Newspaper Page Text
THE BARRE BAILY TIME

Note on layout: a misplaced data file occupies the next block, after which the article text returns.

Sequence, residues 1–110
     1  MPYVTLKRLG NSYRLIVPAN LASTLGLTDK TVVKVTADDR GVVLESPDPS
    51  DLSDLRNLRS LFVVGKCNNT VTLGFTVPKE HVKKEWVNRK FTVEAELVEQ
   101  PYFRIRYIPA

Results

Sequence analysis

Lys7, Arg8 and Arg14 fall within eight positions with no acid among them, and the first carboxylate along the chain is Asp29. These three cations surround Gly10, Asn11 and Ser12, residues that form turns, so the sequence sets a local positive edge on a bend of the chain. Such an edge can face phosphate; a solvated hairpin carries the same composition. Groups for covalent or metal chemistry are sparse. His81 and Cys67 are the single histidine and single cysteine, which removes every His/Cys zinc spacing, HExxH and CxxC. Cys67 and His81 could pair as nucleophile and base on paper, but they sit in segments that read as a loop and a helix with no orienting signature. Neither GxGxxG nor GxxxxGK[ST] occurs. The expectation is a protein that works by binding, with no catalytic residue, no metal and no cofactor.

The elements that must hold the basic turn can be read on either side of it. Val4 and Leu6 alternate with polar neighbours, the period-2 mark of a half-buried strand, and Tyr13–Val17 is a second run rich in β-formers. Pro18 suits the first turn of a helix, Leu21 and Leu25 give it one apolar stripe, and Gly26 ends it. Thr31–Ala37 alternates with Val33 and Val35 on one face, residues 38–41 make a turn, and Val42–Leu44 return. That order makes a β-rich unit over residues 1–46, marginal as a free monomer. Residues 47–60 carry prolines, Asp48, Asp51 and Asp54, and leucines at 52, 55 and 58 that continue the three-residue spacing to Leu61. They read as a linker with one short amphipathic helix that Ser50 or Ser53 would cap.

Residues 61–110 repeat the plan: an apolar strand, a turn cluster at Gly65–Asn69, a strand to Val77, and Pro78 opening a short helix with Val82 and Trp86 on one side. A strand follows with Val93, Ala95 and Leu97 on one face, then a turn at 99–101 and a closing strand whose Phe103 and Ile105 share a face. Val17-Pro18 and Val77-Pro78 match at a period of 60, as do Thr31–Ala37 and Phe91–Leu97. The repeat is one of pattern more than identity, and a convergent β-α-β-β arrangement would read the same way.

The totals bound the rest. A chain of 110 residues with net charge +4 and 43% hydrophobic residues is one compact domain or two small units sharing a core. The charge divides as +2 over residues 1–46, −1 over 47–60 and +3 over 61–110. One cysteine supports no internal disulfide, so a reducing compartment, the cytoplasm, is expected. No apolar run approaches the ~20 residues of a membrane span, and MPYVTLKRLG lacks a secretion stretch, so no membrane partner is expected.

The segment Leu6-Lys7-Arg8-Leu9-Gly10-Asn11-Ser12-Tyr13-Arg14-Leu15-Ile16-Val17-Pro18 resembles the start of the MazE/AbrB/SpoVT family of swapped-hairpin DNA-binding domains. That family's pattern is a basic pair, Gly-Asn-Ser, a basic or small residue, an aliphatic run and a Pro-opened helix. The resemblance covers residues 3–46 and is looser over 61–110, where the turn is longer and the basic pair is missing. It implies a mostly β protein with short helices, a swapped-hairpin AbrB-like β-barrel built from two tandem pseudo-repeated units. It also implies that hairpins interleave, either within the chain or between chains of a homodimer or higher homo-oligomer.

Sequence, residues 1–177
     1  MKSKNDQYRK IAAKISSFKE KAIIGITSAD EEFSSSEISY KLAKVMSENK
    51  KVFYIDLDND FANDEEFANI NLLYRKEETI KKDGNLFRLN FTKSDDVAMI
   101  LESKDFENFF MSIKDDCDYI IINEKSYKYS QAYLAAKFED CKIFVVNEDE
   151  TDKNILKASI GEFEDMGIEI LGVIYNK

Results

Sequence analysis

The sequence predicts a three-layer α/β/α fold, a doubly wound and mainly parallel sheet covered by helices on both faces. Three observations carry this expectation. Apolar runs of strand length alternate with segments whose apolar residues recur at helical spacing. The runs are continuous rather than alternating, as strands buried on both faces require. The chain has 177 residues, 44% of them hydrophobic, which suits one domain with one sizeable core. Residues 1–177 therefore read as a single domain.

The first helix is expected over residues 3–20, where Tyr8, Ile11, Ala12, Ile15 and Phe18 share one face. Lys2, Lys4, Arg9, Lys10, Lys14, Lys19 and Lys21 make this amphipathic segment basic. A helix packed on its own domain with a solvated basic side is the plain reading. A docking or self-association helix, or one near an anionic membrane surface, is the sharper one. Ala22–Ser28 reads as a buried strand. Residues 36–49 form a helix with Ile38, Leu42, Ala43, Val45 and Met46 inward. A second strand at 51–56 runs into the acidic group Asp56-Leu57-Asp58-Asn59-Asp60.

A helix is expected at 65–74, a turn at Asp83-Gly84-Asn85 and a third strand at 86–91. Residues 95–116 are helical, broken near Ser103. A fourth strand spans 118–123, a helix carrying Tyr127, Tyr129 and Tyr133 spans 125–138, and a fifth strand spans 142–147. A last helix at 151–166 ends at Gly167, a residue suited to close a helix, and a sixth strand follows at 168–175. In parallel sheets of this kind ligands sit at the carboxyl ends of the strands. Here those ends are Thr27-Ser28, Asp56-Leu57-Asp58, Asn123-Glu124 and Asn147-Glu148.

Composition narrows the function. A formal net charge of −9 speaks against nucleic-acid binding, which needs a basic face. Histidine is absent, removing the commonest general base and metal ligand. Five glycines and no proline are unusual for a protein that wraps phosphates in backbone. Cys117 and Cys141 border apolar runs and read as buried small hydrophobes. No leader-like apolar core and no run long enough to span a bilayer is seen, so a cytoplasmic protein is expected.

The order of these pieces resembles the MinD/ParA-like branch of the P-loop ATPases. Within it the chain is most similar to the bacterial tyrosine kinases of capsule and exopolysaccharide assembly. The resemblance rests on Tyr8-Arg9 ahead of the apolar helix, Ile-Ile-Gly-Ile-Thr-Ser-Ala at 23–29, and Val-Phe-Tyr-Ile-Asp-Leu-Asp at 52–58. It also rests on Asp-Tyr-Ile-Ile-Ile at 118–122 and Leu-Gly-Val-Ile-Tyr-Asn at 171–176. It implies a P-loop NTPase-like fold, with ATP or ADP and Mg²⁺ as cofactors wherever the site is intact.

VOL. XVIII NO. 35. BARRE, VERMONT, FRIDAY, APRIL 2i, 1914. PRICE, ONE CENT. CARRANZA WILL FIND U. S. TROOPS READY TO FIGHT Rebel Leader's Veiled Threat Is Fol lowed by Significant Movement o Land Forces to the Mexican Border In Case He Decides to Fight Along With Huerta. UNITED STATES REFUSES TO LEAVE VERA CRUZ In Addition to Marines , and Warships Already There, Land Troops Are Be ing Moved to Vera Cruz Huerta Reported to be Preparing Attack on the City. Washington, D. C, April; 24. What effect the move ment of the land troops to Vera Cruz and the Mexican border, coupled with the renewal of the embargo on the shipment of munitions of war into Mexico, will have on the attitude of the constitutionalists, was one of the chief questions which confronted the Washington admmistra tion to-dav. It was realized that on the attitude, of Gen eral Carranza to a great degree hinged the extent of the military operations in Mexico. " The war department bustled with activity to-day, fol lowing the first' actual movement of the army in the " Mexican crisis, the departure of the fifth brigade of the first division from Galveston by transport for Vera' Cruz. Major-General Wood is in charge of the. movement. President Wilson told Chairman, Fitzgerald of the House appropriations committee that no appropriation is required for the present. Discussing the situation with a caller, the' president explained that no aggressive act . n .. 1 .1 1 1.-1 1 Al- A i to aggravate anairs wouia De iaKen vy uie American government. ' President Wilson made it clear also he has no inten tion as yet of calling for volunteers or of appearing before Congress to ask an extension of authority.. He further stated that the infantry and artillery sent irom uaiveston to Vera Cruz is not intended as an indication that the United States would develop a campaign against Mexico City, but should Huerta by some overt act provoke the ' A- J 11 Al - ...ill U ." American government iuriner uiere wm ue cununua lion of the efforts to obtain reparation. In the meantime, the officials also were apparently without any definite information regarding the plans of General Huerta, although the rumors continued that Gen eral Maas was preparing to attack Vera Cruz. Considerable uneasiness continued to be felt here over the reports of anti-American demonstrations in Mexico City, where there are still many American citizens. The whereabouts of Nelson O'Shaughnessy, who last night informed the state department he was leaving Mexico City with his passports, to-day was a matter of gome speculation. Secretary Garrison announced that a brigade of infantry and some artillery under Brigadier General Frederick Funs ton had been ordered to embark on the four army transports at Galveston for Vera Cruz, to support the expeditionary forces of marines and bluejackets there. The chance that General Maas, the fed eral general, might make a return at tack on Vera Cruz with re-enforcements, and the possible necessity of a forward movement toward Mexico City, to pro tect fleeing Americana and the Vera Crux railroad, were the underlying rea sons for the military movement. The restoration of the embargo on arms was officially announced after the pronouncement of General Carranza, the constitutionalist chief, that he regarded the seizure of Vera Cruz as a violation of Mexican sovereignty, had been consid ered by the. administration. While Mex ican constitutionalist here protested that Carranza 'a real attitude was friend ly, the American government decided to take no chances and abruptly stopped the shipment of all arms into Mexico. President Wilson earlier in the day bad issued a statement warning General Carranza that the United States was dealing now and would continue to deal with those whom Huerta commands, and "those who come to his support." Bear Admiral Fletcher nd American Consul' Canada are occupied at Vera Cruz in handling hundreds of American refugees. British and German vessels took off more than 1,200 refugees at Tampieo and a general exodus of Amer icans from Mexican cities was reported. The Senate in the meantime passed the House bill appropriating $500,000 to take care of American refugees. Sen ator Borah declared in the debate that a condition of actual war existed be tween the United States and Mexico. Senator Lodge and Week urged that the embargo be replaced along the en tire border. Rear Admiral Badger requested per mission to capture all Mexican gunboat and vessels carrying troops or ammuni-i tion for the aid of the Mexicans Vera Cruz. i round BOTH O'SHAUGHNESSY AND ALGARA LEAVE Former Went from Mexico City to Vera Crtii and tatter from Washington to Montreal En Route to ' Mexico. Washington, D. C, April 24. Nelson O'Shaughnessy, the American charge, left Mexico City for Vera Cruz last night on a special train escorted by General Huerta's chief of staff. The following telegram from Charge O'Shaughnesay was sent to the navy de partment bv Admiral Fletcher: . I am leaving Vera Cruz in a special train to-night accompanied by the staff of this embassy and a escort of Mex ican troops. The Mexican troops will accompany me until they are told tc stop by their commander. My train should arrive in the neighborhood of Vera Cruz, that is, at the place where the Mexican troops will leave me, some time during the morning. "I have the honor to request you that you will make the necessary arrange ments in order that the train may be permitted to enter Vera Cruz, and, if these be impossible, to make such ar rangements as may be dictated by cir cumstances in order that I may le per mitted to reach Vera Cruz after my Mexican detachment has left me. I shall be accompanied by (ieneral Corona, chief of the presidential staff, and other dis tinguished officers of the federal army, the reception of whom in a worthy man ner, I beg to leave to your courtesy. (Signed) "Nelson O'Shaughnessy." "Admiral Fletcher stated," said naw department officials, "that he would send hia chief of staff to meet O'Shaujihnessv and Mexican officials who are en route to Vera Cruz from Mexico City. Infor- VILLA DISPLAYS AFFECTION. Washington, D. C, April 24. "Just had interview with Villa. He wishes to salute you affection ately and say you need have no anxiety." This message was delivered to day to General' Hugh Scott, as sistant chief of staff of the army, from Docfr Carolos E. Husk of El Puso. mation was obtained by Admiral Fletch er that 300 federals are encamped 10 miles outside of. Vera Cruz and. that General Maas lias about 5,000 men at Soledad." ' A. Algara R. De Terreros, the charge of the Mexican embftssy, who was hand ed his passports by Secretary Bryan yes terday, left Washington at re: If) o clock this morning for loronto, Canada, ac companied by Chief Flynn of the United Mates secret service. , SPREAD OUT LINES ABOUT VERA CRUZ Americans Control Radius of at Least Five Miles and Include Water Station to the Southwest. Vera Cruz, April 24. The American marines and bluejackets controlled to day a radius of at least five miles around the town of Vera Cruz. Normal comli tions have been resumed except for the presence, of large armed forces. The outposts were pushed further out in a southerly direction early this morning to the water supply station at Tejar, and marines were sent to control the pipe lines into the city. Within the city shipping has almost ceased. SPECIAL SERVICE SQUADRON. Has Been Formed for Service on East Coast of Mexico. Washington. D. C, April 24. Secre tary Daniels late .yesterday issued or ders forming a special service squadron for service on the east coast of Mexico. Rear Admiral Cameron MeR. Winslow has been selected to command, and will hoist hit flag on the New York, which will leave Sunday or Monday to. join the fleet now in Mexican waters. The special service squadron will con sist of the battleships New York and Texas, armored cruisers Washington and Montana, and other smaller vessels. Admiral Winslowr who lias been chos en to command the special service Bqtiad- ron, is now at the naval war college at Newport. It laid been generally under stood that he was to succeed Admiral Badger in command of the Atlantic fleet upon the relief of that officer. the special relief squadron is com posed of vesels ranging from the most powerful battleships in the world, the New York and Texas, to the tiniest gun boat, such as the Petrel and Eagle. This squadron, starting with 16 vessels and ikely to be augmented to 40, will be serviceable for blockading pnrposes and the smaller craft will be used for in shore work. WANTS RECEIVER TO SELL PROPERTY And Close Up -Many of the Suits in Which Empire Company Is Party .. Libersont Case Was Also Heard. Several cases involving Barre parties were heard in chancery court at Mont pelier yesterday afternoon, including the Empire Granite & Quarry company vs. Patrick M. Crowley and others and the same plaintiffs against A. C. Blanehard and others, Parry & Jones vs. the Em pire Quarry company and Sibson vs. the tmpire Granite company. ' In the last named case the plaintiff asked that the receiver, Thomas H. Cave, jr., bo permitted to dispose of the property and objected to continuing the case longer without bonds. Several par ties interested said through their attor neys that they didn't care if the prop erty was sold. Judge Slack reserved decision but suggested that the petition be amended so that the receiver can dispose of some of the numerous lawyers in the cases as well as some of his claims. A motion that the case of Julia Lib ersont vs. George Libersont, suit for $12 a week for support of the petitioner niiu uci nurc runuieil, ue UIHIIIlsneu on the ground that the parties were living together agin was denied by. Judge MacK and an order was issued for the hbellee to pay the $12 stipulated. In stating this case, Mrs. Libersont's attorney said that he.case for separate maintenance is pending in the court and an order was made for the husband to pay $12 a week. Later Mr. Libersont went back to live with his family and the alimony order was discontinued. It was alleged by him that for some time Mr. Libersont had done nothing to sup port his wife or send his children to school and that the family baa been at times without sufficient food. So the wife asked for a fair sum to support herself and children. Attorney for the libellee said that Mr. Libersont had an interest in a quarry but that bis interest was tied up by an injunction; a receiver was appointed and Mr. Libersont has no money to pay nis mils. tne attorney thought some thing ought to be done in the receiver ship matter,". After hearing the attor neys, Judge Slack Wade the order as above stated. In the case of Wetmore A Morse com pany ap. vs. estate oi u. r. Kyle, an appeal from the commissioners, the statement was made that the property over which the parties were quarrel ing had been buriut; there was no in surance and there was nothing left to tight about. Hence there was no cause to take into court. The case of I). W, Cooler vs. Eastern Tale company was removed to the United States district court, on request of the defendant on the ground that the defendant is in another state; the plain tiff agreed to the proposjtion. ODD ACCIDENT CAUSED DEATH. VERA CRUZ VICTIM WAS A VERMONTER Rufus E. Percy, Who Received Mortal Wound, Was Born in Highgate Cen ter, Where He Had Lived Most of His Life. Concord. N. II.. April 24. "My son died a patriot." In this thought, which she expressed in words, does Mrs. Miles Percy seek to lighten the load of grief which has prostrated her since yester day morning, when she first learned that her son, Rufus E. Percy, had died of mortal wounds received at Vera Cruz. Rufus E. Percy, U. S. M. C, wa born in Highgate Center, Vt., on June 9, 1H01. He completed his education in the high school of that town and came to Con cord with bis mother and brother, G. 'leveland Percy, three years ago. In January, 1011, he enlisted in the ma rine corps, and since that time has been stationed on several ships in Cuban wa ters, Panama and in Central and South America. Morton J. Hammell Bumped Forehead Entering Car at .Montpelier. 'r Burlington, April 2-k Murton J. Ham mell, representative for the Internation al . Harvester company, died yesterday at the Mary Fletcher hospital after a 10 days illness, death being caused by malignant? endocarditis. He was taken ill at the New Sher wood, where he was accustomed to stop on his visits to thin city, and on Tues day morning was removed to the hos pital. He was 34 years of age and was unmarried. The body will be taken early this morning to Massena., N. Y., where the burial will be made Saturday. Mr. Hammrl is survived bv his par ents. Mr. and Mrs. James F. llammell of Brasher Falls, X. Y.; and by three sis ters and three brothers, the Misses Anna and Sarab Hammell of Brasher FaJls, and Miss Mary M. Mammell of Syra cuse. N. Y., M. T. Hnmmell of Utica, Arthur Hammell of Massena and Wil liam Hammell of Brasher Falls. Early this month Mr. Hammell, who was a good deal over six feet tall, struck his forehead on entering a train at Montpelier and suffered a severe nose bleed, which continued until he reached the hotel in this city. Since then he had been in poor health and it is thought that the endocarditis was brought on by the accident. CHANGE IN C. V. SCHEDULE. One Train Southbound Will Be Discon tinued. St. Albans, April 21. The new sched ule of pasHcnger trains on the Central Vermont, which becomes effective Sun day, May 3, carries several changes of interest to the traveling public. I ram No. IS, southbound, now leav MAKE VERMONT WHOLLY DRY Is Purpose Behind Appoint ment of Methodist .Temperance Agent REV. H. G. HOWARD IS LIKELY TO BE. NAMED An Appeal Is Made to Raise $300,000 in Behalf of Montpelier Seminary Hardwiek, April 24. At the forenoon session of the Vermont" Methodist con ference in session here, Bishop Leete gave a talk on "The Loving of God with the Mind. Afterwards five candidates. graduates of the prescribed conference course, were elected elders. They are: Rev. Orlo E. Barnard of Albany, Rer. Harmon H. Corsey of West Berkshire, Rev. Glenn W. Douglass of .Glover, Rev. George H. Lock of Sheldon, and Rev. Charles M. Redstone of Waitstield. It was voted to continue Rev. E. O. Thay er, D. D., of Los Angeles, Cal., former ly of Barre, in the supernumerary rela tion with the. conference. Bishop Leete was requested bv the conference to ap point Rev. H. G. Howard of Waldcn tem perance agent for the conference, the agent to co-operate with other bodies in wild m&m TRAiVLE U.S. FLAG going to get done giving to Montpelier seminary? I have heard the story of need ever since I was a child. 1 re ply: 'JiiBt when do you want "to get done oenijT a partner in this kind of bus iness? When do you want to get done helping the best young people this world ever saw climb to a place of power? When do you want to get done sending forth the living stream of humanity which for 80 years has been blessing the world?'" The program presented by the school was as follows: Ordfcn selection, Profes sor Lewis J. Hathaway; male quartet, Albert 1. freeman, '14, ot Middlesex, Tracy B. Slack, '17, of Fairlee, Robert Parker, '15, and Charles Parker, '14, of Montgomery; reading, Miss Marguerite Ray Albertson, instructor in elocution; piano solo, "Romance," (F. Addison Por ter) Miss, Flora M. Boyce, '14, of W. tt'rbury; reading, Albert T. Freeman: vocal solo, "Happy Song," (Del Reigo) Miss Ann MeGuidwin, instructor in vo cal musk; selection, male quartet; duet, cornet and trombone, Charles and Rob ert Parker; reading, Miss Albertson; organ and pamo, "Serenade, (Widor) Miss Boyce, Professor Hathaway; selec tion, male quartet; vocal solo, Miss Me The school had an excellent exhibit of work, including crayons, oil paintings and water colors. . Supt. Dnkeshire's Report. Superintendent Dukeshire of the St. Albans district presented his report yes- tcraay in pan as louows: Sorrow and Sickness. "In giving my report for the district bringing the state to the adoption of a year Wt year thore were n0 death8 j statewids prohibitory liquor law. A resolution was passed expressing hearty accord with W, 11. Jeffreys of fcast Burke in his campagin for the -restora tion ot the liiblo to the public schools. Rev. W. S. Smithers of. Orleans, treas urer of the conference trustees, gave his report, which referred to a balance of more than $14,000. The report of the committee on moral reform expressed rejoicing at the con stantly increasing powers of the temper ance movement, endorsed the action of the trustees of the Vermont Anti-Saloon league in urging that the people shall have an opportunity to vote on a pro hibitory law, and "pledged tho confer ence's support in a campaign for re submission of the issue to the people. lfy appointment. Kev. (i. Jt. Imssou of Kssex Junction, W. G. Brown of St. Al bans and G. A. Edgerton of Xorthfield were constituted trustees of the league from the conference. A resolution, also adopted, will be sent to the postmaster general at Washington, calling upon the poHtonice department and upon congress men for their aid in nexcluding liquor ad vertisements from the United States mails. Toward the close of the session, Dr. Guy Potter Benton of the University of V ermont spoke briefly, congratulating the conference on its action in favor of Montpelier seminarv and pledging his support in the effort to raise $300,000 for the purpose of placing the seminary on a firmer footing. At the clergyman's request, it was voted to continue next year Rev, A. W. Ford of Windsor from the active to the retired list. Mr. Ford s chaplain of the state prison. This afternoon a meeting of the Lay association was held in the Congrega tional church. V. A. Irish of Enosburg Falls presided and Dr. Benton spoke on The Challenge of the Church to Men. At the Methodist church the anniversary f the Women's Foreign Missionary so- ietv was observed. Mrs. J. M. Jeffords of Enosburg Falls presided and the Maker was Rev. Dr. F. A. Lendnim of St. Albans. Plea for Montpelier Seminary. Reporting for the special committee on Montpelier seminary lute yesterday aft ernoon. Rev. William Shaw urged an ef fort to raise 5300.0(h) to pay all debts of the school, to rnvt and equip newj buildings and add 100,000 to the pres-1 ent endowment. He also asked that the committee assume the full educa tional apportionment and that certain sums be rebated to students from con tributing charges towards their tuition at tho seminary. The report was unani mously adopted by the conference. During the afternoon . Rev. J. W. Hatch, principal of the institution, took the floor and spoke in behalf of the in stitution, saying in part: "The increased attendance is indicated by the fact that the tuitions are $1,200 our parsonage homes and ministerial ranks. It is different now. Rev. C D. Lance, strong, fearless, aggressive, suc cessful, devoted, minister of Jesus Chrint was appointed to our church at St. Al bans. He didn't come. For reasons we do not know God called him into the service of the heavenly life. Gripped by a fatal illness, he staggered home from last year's conference, and in a little more than two weeks', time joined the church that is without spot or blem ish before the throne of God. We miss him from our midst to-day. "Mrs. Lillia J. Davis, wife of Rev. Mobs in the Streets of Mex ico City Went to Highest Pitch of Excitement When Informed That American Troops Had Landed at Vera Cruz 'DEATH TO AMERICANS' THEY SHRIEKED The Americans Left in the Capital City Are in Criti cal Situation, According to Refugees Arriving at Vera Cruz To-day ; (Continued on third page.) PLAN ANNIVERSARY OBSERVANCE. to Mexico City,' Via Refugee Train to Vera Cruz, April 24. Moba in tha streets of Mexico City are ' trampling under foot the Stars and Stripes and threatening American pedestrians. When the refugee train carrying 500 fugitives of various nationalities left for Vera, Cruz, tha position of the Americans left in the federal capital was regarded as critical since Nelson O'Shaughnessy and the American army and navy represen tatives were to leave on Thursday night. Immediately after the landing of the American bluejackets and marines at Vera Cruz had been made known by the newspaper extras, crowds began to gath er and at duisk the mob appeared in front'of the American club, smashed the, windows, howled insults at the Ameri cans inside and threatened to' assassin nate all. Until early morning bands of. excited Mexicans marched the streets singing the national anthem and shout ing: "Death to the Americans." An American jewelry store whs looted while the police looked on. The, news papers, probably acting under the direc tions of Huerta, issued extras printing dispatches saying that El Paso, Laredo, Nogales and other places had been takeif by the Mexicans who had gained a great victory also at Vera Cruz, where they expected to suround and drive tho American invaders into . the"ea. "The . papers also declared that the battleship Louisiana had been sunk by a torpedo.. The refugee train took' 20 hours to make the journey from Mexico City to Vera Cruz. Barre Odd Fellows and Rebekahs Hold It Next Monday. Odd Fellows and Rebekahs of Barre and vicinity "will unite next Monday evening in the observance of the ninety fifth anniversary of the founding of the Independent Order of Odd Fellows. Wherever the order has taken root," the day is to be celebrated and the pro moters of the observance here are seeing to it that the occasion shall be appro priately marked. Invitations have been issued to a large number of people and the gathering is expected to be one of the most notable reunions of the order j ENGLAND MAY Iti Dilute inner, liir IfUIIUIuai DI-RM-r of the evening is to be Dr. W. .Jf. Bryant of Ludlow, himself a prominent member of the order and a man who is well versed . in Odd Fellowship. Un doubted he will deal largely with the history and functions of the fraternijy in America. His address will be a part of a program of musical and literary numbers. Among those who are to con tribute to the program are the follow ing: Mrs. C G. larr, piano solo; Miss Mary Patterson, vocal solo; reading. Dr. F. M. Lynde; vocal solo. George F. Mackay; vocal solo. Miss Glee Wood. The committee in charge of the anni versary consists of Frank W. Jackson, P. G. R., Alexander Duncan, (i, H., and John McDonald. Hiawatha . lodge, No. 20, I. O. O. F. is the entertaining lodge. COUGHED BADLY DURING NIGHT. SUGGEST SOLUTION British Charge at Mexico City Starts for Vera Cruz Under Orders From His t Superiors to Meet Admiral V Fletcher. - ATTACKING AMERICAN RESIDENTS. Mexican Federals and Populace Active at Ensenada. San Diego, Cal April 24. Telegraphic dviees from American Consul Guyant tell of anti-American, rioting at Ensen ada, where the. Mexican federals and popflftec, according . to the report, were ttacking the Americans, the monitor Cheyenne, now in the San Diego harbor, will leave immediately under rush or ders for the Mexican city. j WOULD ACT AS ARBITRATOR. King Alfonso Ready to Be the Peace maker If Wanted. Madrid, April 24. King Alfonso of Spain is said to have expressed a willing ness to act as arbitrator between the United States and Huerta if agreeable to both sides. intr here at 11:45 a. m. is discontinued, while a new train, No. 4, will leave here week .larger than last year. We have a liar days at 4 p. trt. running local to White monious. hard working and effective fac River Junction. Train No. 10 will leave here week days at 10 p. m. carrying a sleeper from Montreal to Boston." Train No. 6, now leaving at 10:53, will leave at 11:45 p. m. and run ex press, stopping only at Essex and Mont pelier Junction for the branch connec tions. The afternoon train for Riehford will leave at 1:10 instead of 2:30 p. m. and returning, leaves Riehford at 2:40, arriv ing here at 3:55 p. m. to connect with No. 4 train south. GUERNSEY CATTLE BREEDERS. Formed State Organization with CoL Herbert T. Johnson, President. Representative breeders of Guernsey rattle of the state met yesterday at the Pavilion hotel in Montpelier and organ bed a Vermont Guernsey Breeders asso ciation. Col. Herbert T. Johnson of Bradford was elected president; Elbert C. Tenney of Brattfrboro, vice president; Mark H. Moody of Watrrbury, secre tary and terasurer: and Edward R. An drews of Putney, Dr. George Chamber lin of South Newbury, Irving W. Bates of East Barre and J. P. Ramsey of Char lotte an executive committ"e. Superintendent Bishop of the advenced registry department of the American Guernsey Cattle club was present and gave interesting information about the supervision of the performance of Mr. C'assatt's Guernsey cow of Berwvn. Pa.. which now hold the world's record of Trsin No. 18, southbound, which to be discontinued, is that which is met at Montpelier Junction by the Barre branch train leaving Barre at 1:50 p. m. Otherwise Emperor Francis Joseph's ' Condition Is Unchanged. Vienna, Austria, April 24. Tho rest of Emperor Fratfris Joseph was dis turbed again lsst night by constant coughing, according to the official re port, but otherwise there was no change in the monarch's condition. London, April 24. The Mexican City correspondent of the Daily ' Telegraph in a cablegram dated Thursday says:- A telegram from Sir Cecil Spring-Rice, the British ambassador at Washington, was received at the British legation yesterday, as a result of which the Brit ish charge, Thomas B. Hohlr, started for Vera Cruz. , "It is understood that Mr. Hohlcr's . mission is to meet Admiral Fletcher and enter into negotiations with him regard-, ing a possible attempt to solve the Mex ican difficulty through the intervention of British diplomacy. "However surprising this news may seem it is not regarded at the American legation as being without foundation, as it is believed that the United States cannot wish to repel any suggestion for an honorable solution." . IS BAHRE TO HAVE THAT NEW HOTEL? DEATH OF DUXBURY WOMAN. Mrs.. William Richards Passed Away After Lcnj Illness. Duxbury, April 24. Mrs. William Richards died this morning at her home on the Moretown road after a long ill ness with anaemia. She was bom in Bolton and spent her early life there, encaging in teaching and later going to other places in pursuit of the same occu pation. She was the daughter of Mr. and Mrs. Samuel Deavitt and was a niece of T. J. Deavitt of Montpelier. Twenty-eight years ago she was mar ried to William Richards and most of the time they lived in luxbury. She leaves her husband and two daughters, the latter beinf Miss Jessie of New York, state and Miss Ethel, who lives at home. The funeral will be held Sunday afternoon at one o'clock, and interment will be in the Phillips cemetery in Dux bury. Weather Forecast. Fair to-night,, and . Saturday inrreas insr cloudiness: warmer in the interior. all breeds for production of butter fat. Moderate shifting winds. ulty. Our college preparatory work is of the highest type. The business an'l stenographic departments are weil equipped and highly efficient. ' The art department, well represented here, has increased nearly 100 "pr cent within the year. The departments of elocution and music ' wers never stronger than now and are not surpassed, if indeed they are equalled, in all New England. The two Christian associations and the four de bating societies are doing excellent work. The school spirit is fine. In the midst of thin generally gratifying situation there are several noticeable cases of im provement in scholarship and morals which are the joy and pride of the whole school. I am hnppy with my pupils amy faculty and the old faf-manon lor edu cational work is getting hold of me. There is nothing on earth so interesting as to observe the intellectual and moral growth of a young man or woman and to be a factor in the same. It is a thing which does not just happen uncaused. It is something for which some nuiift sive their vcrv life. Without sacrifice thore is no redemption in this buiness. "We have a very superior student body. How could it be other when it is composed of the sons and daughters of Vermont, the stflte' that leads all others in the nation, according to its population, in the number of its citizens who hn come to distinction, s shown by 'Who's Who in America.' The blood of their fathers and mothers courses in the veins. of these sons and daughters. have never seen a student body any where near its equal in brain power and high purp"c- -rc u"h lire- worth in vesting in for their own sakes and for the sake of the kingdom It is a fair question I ask you Where can Vermont money be better invested than in giving the clear-headed, clean-hearted, ambi tious Vermont Ikivs and girls fair chance to develop the might powers that stir in brain and heart? "I hcaf people say: 'When are we ever 4 City 13 Asked Merely for Exemption from Taxation for Five Years and Not For Donation of the Site Meeting Comes To-night. Is Borre to have a new hotel the com ing summer? The answer lies in the outcome of the vote to be taken in spe cial city meeting to-night on the ques tion of exempting the proposed hostelry of the Barre Hotel company from taxa tion for a period of five years. So much has been said on both sides of the ques tion that its every phase has been given a thorough airing. Most voters will go to the polls to-night wholly familiar with the situation. But for the sake of informing that element which stays at home on special meeting night, it may be stated that a majority of 705 must be in- favor of the exemption, else the proWt will go no further, (hit of a mas of facts and figures hedging around the question this much is certain: There will be no new .hotel withput exemption; and there will be no exemption, under the law, unless the majority for it numbers 705. It is up to the voters to decide whether the city's public assets are to be increased without n additional expense of one cent to the city, or whether the proposal which a few men have made is to be rejected summarily. A misapprehension has overtaken some that the city is to be asked to donate the site of the hotel. , This is absolutely without foundation. The city is asked only to act favorably on the fourth' article in the warning for the meeting, i. e., to exempt the property for five years. That is the sum and substance of the sole request the incorporators have made to the city. As has .been ex-, plained before, a single year's taxes at the expiration of the five year period will mean a larger revenue for the city than five years' taxes on a vacant lot. Likewise, exemption would not be fol lowed by an increase in the tax rate, so it will be seen that as a dollar-and-cents : proposition no man stands to lose a sin-., gle penny. SAMPLE BALLOT FOR TO-NIGHT Will the City of Barre vote to exempt from tax ation for a period of five years the proposed New Hotel Property, to be erected on the. vacant lot on Washington Street, adjoining the Aldrich Public Library, commencing with the year 1915?' YES NO Name of Voter..: WARD.